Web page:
Cubism Movement Essay

1020 words - 5 pages

Beginning in 1907 the Cubism movement was set into motion by Pablo Picasso and Georges Braque; this would eventually become the most internationally influenced movement of the 20th Century. The movement has roots dating back to European traditions of the Renaissance, which can be seen it its illusionism and deconstruction of linear perspective. The Cubism movement can be broken down into two primary styles of Analytical and Synthetic Cubism, each equally influential in their own way. First up was Analytical Cubism; this references the artist objective of analyzing and breaking down of the form and space within the picture plane.
Analytical Cubism was the period from 1907 to 1912; it was ...view middle of the document...

Artist used more discrete forms that appeared as if they were collaged onto the canvas, in some cases they actually were. These works were composed of clearer composition and bright color was re-introduced. Typical compositions utilized oriental patterns and smooth wave-like lines contrasted against jagged shapes.
Synthetic artists sought to establish independence, in order to do this they frequently limited the composition not allowing it to come close to the edge of their canvas or plane. This empty space completely separated the outside world from the artist work; it was an entirely new concept and revolutionary step in 20th Century art. All works are tailored to the surface they are created upon, however, for the first time Synthetic Cubism made this apparent and incorporated it into the actual working plane within the canvas making the subject self-contained rather than a part of the outside world.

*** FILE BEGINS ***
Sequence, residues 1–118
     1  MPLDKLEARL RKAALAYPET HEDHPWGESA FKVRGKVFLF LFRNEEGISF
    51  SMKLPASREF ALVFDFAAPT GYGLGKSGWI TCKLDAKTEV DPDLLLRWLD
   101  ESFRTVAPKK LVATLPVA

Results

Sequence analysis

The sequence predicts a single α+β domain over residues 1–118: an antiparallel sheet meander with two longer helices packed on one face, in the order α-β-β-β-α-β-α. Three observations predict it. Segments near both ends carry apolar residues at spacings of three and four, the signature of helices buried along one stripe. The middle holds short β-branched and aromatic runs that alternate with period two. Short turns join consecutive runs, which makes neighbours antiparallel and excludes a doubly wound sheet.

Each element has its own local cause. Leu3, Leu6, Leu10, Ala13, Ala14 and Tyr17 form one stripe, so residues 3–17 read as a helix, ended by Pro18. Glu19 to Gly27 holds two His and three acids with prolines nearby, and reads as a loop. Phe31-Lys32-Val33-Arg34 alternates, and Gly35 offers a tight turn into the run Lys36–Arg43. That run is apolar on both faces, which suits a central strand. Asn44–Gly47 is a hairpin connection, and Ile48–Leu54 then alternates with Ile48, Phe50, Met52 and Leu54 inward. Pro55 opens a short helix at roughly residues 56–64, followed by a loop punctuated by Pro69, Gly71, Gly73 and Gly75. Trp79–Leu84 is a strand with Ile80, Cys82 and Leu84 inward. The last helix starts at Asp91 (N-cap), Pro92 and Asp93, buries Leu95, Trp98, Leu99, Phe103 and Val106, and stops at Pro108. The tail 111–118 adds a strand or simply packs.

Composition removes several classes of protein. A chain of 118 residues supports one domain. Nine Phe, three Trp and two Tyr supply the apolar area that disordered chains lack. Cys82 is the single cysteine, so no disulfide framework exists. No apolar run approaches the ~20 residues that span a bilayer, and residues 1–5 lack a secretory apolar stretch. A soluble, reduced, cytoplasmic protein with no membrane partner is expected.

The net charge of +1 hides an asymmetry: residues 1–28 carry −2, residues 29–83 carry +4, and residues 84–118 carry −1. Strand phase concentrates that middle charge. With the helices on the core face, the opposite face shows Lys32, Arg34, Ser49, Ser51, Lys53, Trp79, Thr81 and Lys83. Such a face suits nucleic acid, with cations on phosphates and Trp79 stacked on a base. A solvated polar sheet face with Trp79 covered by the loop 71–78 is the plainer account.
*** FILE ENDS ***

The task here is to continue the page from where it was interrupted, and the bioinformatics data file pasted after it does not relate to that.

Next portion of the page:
Analytical and Synthetic Cubism both have their marks of distinction as explored, yet even with such similar goals the movements do share plentiful similarities and places of overlap. The cubist desired to simplify everyday objects and strived to show them as the mind does, from all sides at once. Cubism was a period of investigating just how well a painting can play with its viewer, they era was a time of playful art. This can be seen in the well-manipulated simple subjects of Analytical Cubism and in the brighter colors and exciting contrast of Synthetic Cubism. Picasso referred to the Cubism moment as an intellectual game. The game is all about using art, as it’s own language, independent from tangible and visible reality. The artists maintained a desire to force upon the viewer their responsibility of bringing a three-dimensional work onto a two-dimensional canvas or picture plane. The movement brought conceptualism into painting.
The Cubist fragmented objects and showed multiple dimensions of a subject at once in a flattened image, it is a brain tease to understand but is revolutionary in its process. The emphasis was put on the canvas’s dimension, or lack of, to convey an illusion...

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